Are the trees still young, but over crowding and choking each other out? The stand could benefit from a thinning to make a small return for the owner and greatly increase the growth rate of residual timber.
Is the stand healthy and valuable, but becoming too mature and stagnating? It may be time to create a shelterwood harvest to regenerate the stand and promote the future growth of the most valuable species.
Is the stand unhealthy or full of less-valuable species? Is it an old plantation that is reaching maturity and ready to be replanted? A clearcut may be the answer.
Along with being the most important question, it can also be the most complicated. It is not always clear if a stand can benefit from timber harvest, and if so what the harvest should be. It can even take foresters years in school and on the job to get the hang of it, so don’t beat yourself up if you still have questions after reading this short article.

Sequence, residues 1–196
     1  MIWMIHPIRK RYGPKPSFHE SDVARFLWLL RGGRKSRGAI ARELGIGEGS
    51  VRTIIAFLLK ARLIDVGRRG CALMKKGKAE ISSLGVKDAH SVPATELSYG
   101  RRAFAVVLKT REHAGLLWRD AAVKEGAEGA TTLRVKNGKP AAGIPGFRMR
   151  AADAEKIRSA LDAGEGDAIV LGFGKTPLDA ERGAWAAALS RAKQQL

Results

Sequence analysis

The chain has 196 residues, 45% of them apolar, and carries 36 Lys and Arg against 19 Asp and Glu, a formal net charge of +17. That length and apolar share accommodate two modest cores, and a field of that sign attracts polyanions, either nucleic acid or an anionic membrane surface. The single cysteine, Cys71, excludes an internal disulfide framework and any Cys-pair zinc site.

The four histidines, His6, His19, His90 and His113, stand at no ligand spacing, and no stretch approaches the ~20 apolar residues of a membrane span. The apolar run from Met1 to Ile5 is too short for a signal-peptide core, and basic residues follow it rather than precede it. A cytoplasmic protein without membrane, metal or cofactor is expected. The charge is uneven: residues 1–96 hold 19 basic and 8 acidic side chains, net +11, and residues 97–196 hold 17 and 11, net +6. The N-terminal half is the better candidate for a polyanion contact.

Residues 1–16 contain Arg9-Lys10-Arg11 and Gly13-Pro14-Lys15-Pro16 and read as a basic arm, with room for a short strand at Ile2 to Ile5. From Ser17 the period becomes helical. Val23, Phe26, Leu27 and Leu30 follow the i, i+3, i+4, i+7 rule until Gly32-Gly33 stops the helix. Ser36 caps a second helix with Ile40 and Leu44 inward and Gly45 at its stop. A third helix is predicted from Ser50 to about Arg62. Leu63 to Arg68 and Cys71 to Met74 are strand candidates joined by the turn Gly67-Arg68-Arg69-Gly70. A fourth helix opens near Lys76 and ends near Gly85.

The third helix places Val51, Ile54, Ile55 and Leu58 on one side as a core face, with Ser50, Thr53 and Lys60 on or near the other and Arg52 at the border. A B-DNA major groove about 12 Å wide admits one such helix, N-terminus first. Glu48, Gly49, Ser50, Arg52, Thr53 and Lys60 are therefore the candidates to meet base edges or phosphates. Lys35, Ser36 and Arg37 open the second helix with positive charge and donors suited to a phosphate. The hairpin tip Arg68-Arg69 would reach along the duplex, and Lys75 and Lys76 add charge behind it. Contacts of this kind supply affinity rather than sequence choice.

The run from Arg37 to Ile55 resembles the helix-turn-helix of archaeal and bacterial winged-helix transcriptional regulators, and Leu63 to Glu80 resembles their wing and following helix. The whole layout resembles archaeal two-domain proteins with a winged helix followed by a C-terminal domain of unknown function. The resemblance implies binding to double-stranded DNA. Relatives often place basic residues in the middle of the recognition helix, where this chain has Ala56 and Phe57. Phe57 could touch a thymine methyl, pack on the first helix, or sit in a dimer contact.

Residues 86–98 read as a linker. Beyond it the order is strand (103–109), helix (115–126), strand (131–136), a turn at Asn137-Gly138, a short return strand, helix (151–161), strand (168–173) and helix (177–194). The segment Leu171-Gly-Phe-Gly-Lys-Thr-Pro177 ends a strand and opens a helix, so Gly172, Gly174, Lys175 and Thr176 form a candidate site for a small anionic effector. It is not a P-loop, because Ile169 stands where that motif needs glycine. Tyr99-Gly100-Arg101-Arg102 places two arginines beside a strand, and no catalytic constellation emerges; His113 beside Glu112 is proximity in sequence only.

Deciding to Harvest Timber Is a Big Step
If there is one take away from this article, let it be this: Deciding that it is time to harvest the timber on your property is a major decision with great implications for the present and future returns on your investment. Mistakes are common, and there are no do-overs. To ensure the best outcome for your land (and your pocket) consult with a trained professional forester. Not only will they be able to walk you through whether your timber is ready to be harvested, but they can help you negotiate timber sales contracts and ensure that you get the best price for your wood, along with other crucial services. Nonetheless, landowners should seek to understand a reasonable amount about the practices on their land, so I am glad you are here!
Forestry is more art than science, in truth, and there are never easy answers in the world of art. Experience is crucial, and given the stakes at hand, you don’t want to have any regrets. Contact a forester. You will be glad you did.